I have a good friend called Jonathan.

I have known him for some years now.

On February 29th 1996 he and his wife had a baby son called Jack.  A Leap Year Baby.


Sadly, Jack had severe problems almost from birth.

I quote from their website

The senior pediatrician in the hospital was brutal but most honest. Asked for a route map of care for Jack once he left their intensive care unit, he made it clear that there were simply no services in Ireland available to a baby like Jack. Indeed he cautioned that inadvertently Jack’s needs would threaten the marriage and certainly damage the childhood of his healthy brothers and sister. To escape this trap he advised the only way out was to take him home, then get him admitted to one of the children’s hospitals, pack his little bag and take him to the hospital knowing that they were going to abandon him. Then and only then would the State have to take responsibility for him.

Jonathan and his wife Mary Ann, couldn’t just abandon Jack to the state, so they brought him home.

They had a terrible time with lack of sleep, and no help whatsoever.  The state refused to grant any kind of aid.  So they were left to cope by themselves.

Jack died after 22 months.

Most people would grieve and move on.  But not Jonathan.  He was determined that no other parents of severely disabled children should suffer like he and Mary Ann suffered.  So he set up the Jack and Jill Foundation to provide respite care for other parents.


Since then, he has worked tirelessly.  He always keeps a low profile, so few know his name. But the Jack and Jill Foundation goes from strength to strength, as sadly, its services are much in demand.

I have witnessed first-hand the work they do, and they are literally a lifeline for parents.  They do fantastic work.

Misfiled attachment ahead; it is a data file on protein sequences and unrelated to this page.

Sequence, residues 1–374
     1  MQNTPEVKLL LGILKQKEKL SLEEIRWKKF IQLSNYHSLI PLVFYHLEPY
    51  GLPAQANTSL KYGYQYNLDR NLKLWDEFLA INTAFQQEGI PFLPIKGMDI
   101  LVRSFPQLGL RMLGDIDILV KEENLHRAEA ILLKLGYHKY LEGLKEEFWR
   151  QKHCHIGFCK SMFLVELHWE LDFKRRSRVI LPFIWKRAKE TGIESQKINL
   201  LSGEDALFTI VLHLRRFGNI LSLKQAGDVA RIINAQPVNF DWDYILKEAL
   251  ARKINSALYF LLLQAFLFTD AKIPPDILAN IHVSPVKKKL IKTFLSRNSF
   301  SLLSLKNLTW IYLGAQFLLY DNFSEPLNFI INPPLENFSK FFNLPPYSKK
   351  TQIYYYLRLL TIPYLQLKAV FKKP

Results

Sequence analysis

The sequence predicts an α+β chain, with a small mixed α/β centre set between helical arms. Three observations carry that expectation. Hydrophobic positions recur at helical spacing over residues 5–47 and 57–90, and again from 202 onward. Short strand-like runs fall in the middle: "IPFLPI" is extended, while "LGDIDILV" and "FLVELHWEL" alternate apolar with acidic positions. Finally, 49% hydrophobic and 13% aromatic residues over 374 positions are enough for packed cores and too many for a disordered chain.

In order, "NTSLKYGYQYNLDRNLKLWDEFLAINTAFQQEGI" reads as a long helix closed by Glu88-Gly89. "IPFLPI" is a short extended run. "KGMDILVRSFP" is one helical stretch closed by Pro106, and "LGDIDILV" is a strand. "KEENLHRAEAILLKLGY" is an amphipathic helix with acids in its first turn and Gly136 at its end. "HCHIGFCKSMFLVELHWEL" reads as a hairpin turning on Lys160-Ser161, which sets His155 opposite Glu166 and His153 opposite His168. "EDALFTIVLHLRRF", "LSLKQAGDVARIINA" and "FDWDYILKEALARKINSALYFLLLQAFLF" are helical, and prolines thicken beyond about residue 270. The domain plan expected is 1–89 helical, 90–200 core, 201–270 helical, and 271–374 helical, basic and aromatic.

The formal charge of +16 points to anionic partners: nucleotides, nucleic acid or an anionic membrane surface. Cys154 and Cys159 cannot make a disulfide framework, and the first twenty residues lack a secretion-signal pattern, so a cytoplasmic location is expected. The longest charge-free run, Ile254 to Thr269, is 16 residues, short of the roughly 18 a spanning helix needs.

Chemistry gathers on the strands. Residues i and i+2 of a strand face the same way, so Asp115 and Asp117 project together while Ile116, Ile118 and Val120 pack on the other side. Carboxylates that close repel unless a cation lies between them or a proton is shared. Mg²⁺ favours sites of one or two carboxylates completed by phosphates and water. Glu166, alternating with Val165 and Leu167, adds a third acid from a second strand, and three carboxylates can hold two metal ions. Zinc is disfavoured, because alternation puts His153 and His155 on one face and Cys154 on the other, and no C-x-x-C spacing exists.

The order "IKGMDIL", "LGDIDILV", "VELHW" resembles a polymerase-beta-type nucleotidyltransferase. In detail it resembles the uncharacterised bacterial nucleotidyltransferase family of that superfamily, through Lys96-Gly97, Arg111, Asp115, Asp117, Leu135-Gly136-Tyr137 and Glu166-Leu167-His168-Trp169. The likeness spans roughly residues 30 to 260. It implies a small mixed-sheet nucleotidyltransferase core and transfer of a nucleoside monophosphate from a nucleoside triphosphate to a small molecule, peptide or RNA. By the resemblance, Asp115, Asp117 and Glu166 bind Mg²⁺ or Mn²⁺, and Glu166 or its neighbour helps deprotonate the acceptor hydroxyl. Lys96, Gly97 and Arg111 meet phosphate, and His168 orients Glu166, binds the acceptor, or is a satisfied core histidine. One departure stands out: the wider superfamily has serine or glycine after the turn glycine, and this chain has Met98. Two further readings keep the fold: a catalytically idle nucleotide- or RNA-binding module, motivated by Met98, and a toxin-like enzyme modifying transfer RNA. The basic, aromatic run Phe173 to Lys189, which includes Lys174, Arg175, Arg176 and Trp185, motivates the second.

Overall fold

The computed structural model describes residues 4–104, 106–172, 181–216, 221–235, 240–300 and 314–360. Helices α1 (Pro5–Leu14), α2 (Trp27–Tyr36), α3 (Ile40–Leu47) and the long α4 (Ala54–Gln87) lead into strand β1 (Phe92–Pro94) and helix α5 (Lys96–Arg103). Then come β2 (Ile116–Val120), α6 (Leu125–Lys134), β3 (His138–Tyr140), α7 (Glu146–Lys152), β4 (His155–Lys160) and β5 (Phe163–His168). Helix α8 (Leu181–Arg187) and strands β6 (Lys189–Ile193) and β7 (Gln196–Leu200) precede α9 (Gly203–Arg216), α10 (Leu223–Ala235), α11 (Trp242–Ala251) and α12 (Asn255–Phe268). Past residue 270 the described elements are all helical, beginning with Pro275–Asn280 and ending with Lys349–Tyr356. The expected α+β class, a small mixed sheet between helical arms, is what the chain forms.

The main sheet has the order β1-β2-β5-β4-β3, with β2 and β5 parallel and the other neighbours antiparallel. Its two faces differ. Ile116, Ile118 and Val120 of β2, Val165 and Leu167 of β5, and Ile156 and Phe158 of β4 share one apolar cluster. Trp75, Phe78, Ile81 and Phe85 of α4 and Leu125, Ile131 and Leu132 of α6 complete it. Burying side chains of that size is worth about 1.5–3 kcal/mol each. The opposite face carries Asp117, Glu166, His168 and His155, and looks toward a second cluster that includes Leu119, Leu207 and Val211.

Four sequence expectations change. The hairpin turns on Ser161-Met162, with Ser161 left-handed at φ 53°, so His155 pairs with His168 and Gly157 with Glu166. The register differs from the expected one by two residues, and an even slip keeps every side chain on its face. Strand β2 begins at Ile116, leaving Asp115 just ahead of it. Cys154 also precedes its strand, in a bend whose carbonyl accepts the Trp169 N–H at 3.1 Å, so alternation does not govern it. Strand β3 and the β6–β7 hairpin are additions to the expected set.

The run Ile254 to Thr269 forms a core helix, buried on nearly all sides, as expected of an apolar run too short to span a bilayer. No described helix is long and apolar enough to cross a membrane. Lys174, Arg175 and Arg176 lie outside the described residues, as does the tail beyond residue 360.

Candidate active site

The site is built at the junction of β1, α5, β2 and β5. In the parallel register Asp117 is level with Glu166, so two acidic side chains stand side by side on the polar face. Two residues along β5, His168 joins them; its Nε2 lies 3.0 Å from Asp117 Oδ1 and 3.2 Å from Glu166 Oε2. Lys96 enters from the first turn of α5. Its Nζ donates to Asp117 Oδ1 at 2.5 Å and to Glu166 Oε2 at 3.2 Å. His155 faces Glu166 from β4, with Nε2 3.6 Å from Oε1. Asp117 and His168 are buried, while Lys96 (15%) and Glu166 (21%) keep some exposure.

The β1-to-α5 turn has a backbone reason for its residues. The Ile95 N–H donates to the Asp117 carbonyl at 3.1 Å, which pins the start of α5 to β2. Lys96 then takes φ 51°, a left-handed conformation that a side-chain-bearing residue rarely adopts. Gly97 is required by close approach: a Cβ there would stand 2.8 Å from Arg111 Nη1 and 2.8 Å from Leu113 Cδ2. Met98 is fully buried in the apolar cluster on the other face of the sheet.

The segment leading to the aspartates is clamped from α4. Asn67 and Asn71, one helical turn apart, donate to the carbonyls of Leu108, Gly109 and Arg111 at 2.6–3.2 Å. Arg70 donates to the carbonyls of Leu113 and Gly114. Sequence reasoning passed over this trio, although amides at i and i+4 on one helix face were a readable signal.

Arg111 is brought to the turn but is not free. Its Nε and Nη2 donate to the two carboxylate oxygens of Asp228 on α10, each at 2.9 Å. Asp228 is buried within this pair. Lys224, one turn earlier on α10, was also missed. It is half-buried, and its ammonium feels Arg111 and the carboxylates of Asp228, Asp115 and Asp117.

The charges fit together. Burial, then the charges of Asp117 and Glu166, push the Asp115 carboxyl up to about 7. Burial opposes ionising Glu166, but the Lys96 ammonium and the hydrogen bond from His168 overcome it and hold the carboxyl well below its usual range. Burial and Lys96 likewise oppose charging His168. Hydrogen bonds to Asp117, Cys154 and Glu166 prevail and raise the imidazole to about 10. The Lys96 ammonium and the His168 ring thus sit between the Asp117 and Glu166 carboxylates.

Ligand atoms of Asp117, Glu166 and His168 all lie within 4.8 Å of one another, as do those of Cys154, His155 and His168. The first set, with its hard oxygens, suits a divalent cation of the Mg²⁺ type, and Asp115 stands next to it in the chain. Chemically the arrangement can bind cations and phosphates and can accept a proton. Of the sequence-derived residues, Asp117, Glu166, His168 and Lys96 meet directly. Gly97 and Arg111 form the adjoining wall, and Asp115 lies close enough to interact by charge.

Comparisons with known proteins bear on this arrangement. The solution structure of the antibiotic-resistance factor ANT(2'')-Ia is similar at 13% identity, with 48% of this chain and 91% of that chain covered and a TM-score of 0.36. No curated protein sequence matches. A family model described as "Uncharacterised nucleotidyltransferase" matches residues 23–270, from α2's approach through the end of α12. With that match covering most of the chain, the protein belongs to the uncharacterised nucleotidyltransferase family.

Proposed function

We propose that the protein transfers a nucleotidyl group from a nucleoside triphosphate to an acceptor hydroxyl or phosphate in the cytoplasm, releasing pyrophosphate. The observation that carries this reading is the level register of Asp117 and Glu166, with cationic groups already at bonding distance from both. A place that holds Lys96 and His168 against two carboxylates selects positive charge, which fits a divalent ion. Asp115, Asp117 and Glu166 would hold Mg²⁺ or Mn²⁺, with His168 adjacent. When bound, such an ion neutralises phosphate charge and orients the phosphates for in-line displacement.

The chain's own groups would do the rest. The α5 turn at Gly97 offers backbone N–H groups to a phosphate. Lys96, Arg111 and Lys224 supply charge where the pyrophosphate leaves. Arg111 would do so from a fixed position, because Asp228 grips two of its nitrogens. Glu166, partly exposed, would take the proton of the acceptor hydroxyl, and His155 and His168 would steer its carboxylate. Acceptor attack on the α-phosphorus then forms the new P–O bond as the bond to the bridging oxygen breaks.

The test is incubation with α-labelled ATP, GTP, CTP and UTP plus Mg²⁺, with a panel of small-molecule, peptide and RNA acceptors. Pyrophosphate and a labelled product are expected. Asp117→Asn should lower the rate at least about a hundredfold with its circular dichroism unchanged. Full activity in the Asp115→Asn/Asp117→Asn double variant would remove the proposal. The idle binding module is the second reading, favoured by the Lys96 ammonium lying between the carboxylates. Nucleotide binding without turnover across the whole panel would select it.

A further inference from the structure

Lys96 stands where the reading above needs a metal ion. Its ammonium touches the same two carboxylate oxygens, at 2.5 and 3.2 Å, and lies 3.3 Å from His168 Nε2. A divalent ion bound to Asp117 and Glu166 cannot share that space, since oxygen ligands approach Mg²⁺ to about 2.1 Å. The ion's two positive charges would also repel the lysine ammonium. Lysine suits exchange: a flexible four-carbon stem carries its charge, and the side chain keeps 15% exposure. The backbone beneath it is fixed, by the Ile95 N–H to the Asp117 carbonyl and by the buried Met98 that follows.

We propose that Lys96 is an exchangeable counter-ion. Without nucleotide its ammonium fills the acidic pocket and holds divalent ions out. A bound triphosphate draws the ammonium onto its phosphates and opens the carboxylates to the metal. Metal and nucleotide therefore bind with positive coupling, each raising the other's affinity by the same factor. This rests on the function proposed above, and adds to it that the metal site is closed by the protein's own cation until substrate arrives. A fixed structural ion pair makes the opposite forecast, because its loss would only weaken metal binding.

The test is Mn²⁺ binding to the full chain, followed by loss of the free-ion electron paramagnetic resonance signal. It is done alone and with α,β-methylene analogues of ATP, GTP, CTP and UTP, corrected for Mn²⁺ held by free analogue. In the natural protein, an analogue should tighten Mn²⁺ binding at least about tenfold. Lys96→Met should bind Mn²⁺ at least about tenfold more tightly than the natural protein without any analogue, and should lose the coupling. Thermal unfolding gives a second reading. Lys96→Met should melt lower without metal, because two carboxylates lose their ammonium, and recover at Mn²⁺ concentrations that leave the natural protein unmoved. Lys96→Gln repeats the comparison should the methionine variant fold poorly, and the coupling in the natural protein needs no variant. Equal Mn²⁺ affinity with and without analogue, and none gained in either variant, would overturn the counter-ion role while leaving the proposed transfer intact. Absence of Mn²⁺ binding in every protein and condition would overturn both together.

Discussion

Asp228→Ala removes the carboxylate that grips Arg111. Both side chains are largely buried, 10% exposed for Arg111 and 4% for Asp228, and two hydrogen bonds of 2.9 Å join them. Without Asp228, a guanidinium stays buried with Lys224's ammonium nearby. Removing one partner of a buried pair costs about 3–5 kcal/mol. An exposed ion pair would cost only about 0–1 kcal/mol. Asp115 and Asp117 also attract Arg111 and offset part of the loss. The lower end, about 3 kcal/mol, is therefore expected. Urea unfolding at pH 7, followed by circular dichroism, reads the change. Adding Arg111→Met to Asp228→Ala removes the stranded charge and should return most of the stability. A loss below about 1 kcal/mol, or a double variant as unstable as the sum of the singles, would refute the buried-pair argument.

But unfortunately that work costs a lot, and they depend almost entirely on voluntary contributions and fundraising.

I do what I can for them, but I am asking you to do something for me….

  • Go and ask your parents for your inheritance now.
  • Go rob a bank.
  • Go mug a granny [but not a grandad].
  • ‘Borrow’ someone’s credit card.
  • Be inventive

Make a donation.

Every little helps

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Grandad is appealing — 9 Comments

  1. Congrats on the win even if it was only a Spider.

    I took a little snip from the JackandJill site which needs highlighting.

    “All Dublin bus tickets with unclaimed change on them can be sent to us, with all proceeds split between Jack & Jill and Temple Street Hospital.*

    I’m sure that there are plenty of cards and stamps around at this time of year .

  2. Thanks, Rahood!

    I spoke to them about taking cards and stamps, but they don’t/can’t/won’t. I think the stamps are more or less cornered by the Guide Dogs for the Blind.

    Grannymar – I’m always thinking of you…!

  3. Oh, Grandad, I could go on and on about our State and our Caregivers, because I am one; my other blog is at carersgroup.blogspot.com (my pop-up comments turned off after reading your point about ‘usability’, btw…).

    It’s hard to believe we live in a country cruel enough to say, “Yeah, we’ll take care of your kid, but only if you deprive him of parents”, when a parent’s love and care is the one thing that keeps these little kids going.

    SO…I’m telling everyone that this Christmas, the only present I want is a donation to Jack & Jill. Cross your fingers for me (and them). Meanwhile, I’ll put links to them on my websites.

    Thanks for reminding us of a great cause!

  4. Done and done!

    As if the current cancer screening farce isn’t enough to make you ashamed of our health service!

    Congrats on the book deal by the way.

  5. I’m telling everyone that this Christmas, the only present I want is a donation to Jack & Jill. Cross your fingers for me (and them). Meanwhile, I’ll put links to them on my websites.

    That is a great Christmas present for me too, Susan! Thanks.

    And thanks to you too, BA. You’re a star!

  6. Pingback: K8 the GR8 » Blog Archive » It’s a good cause

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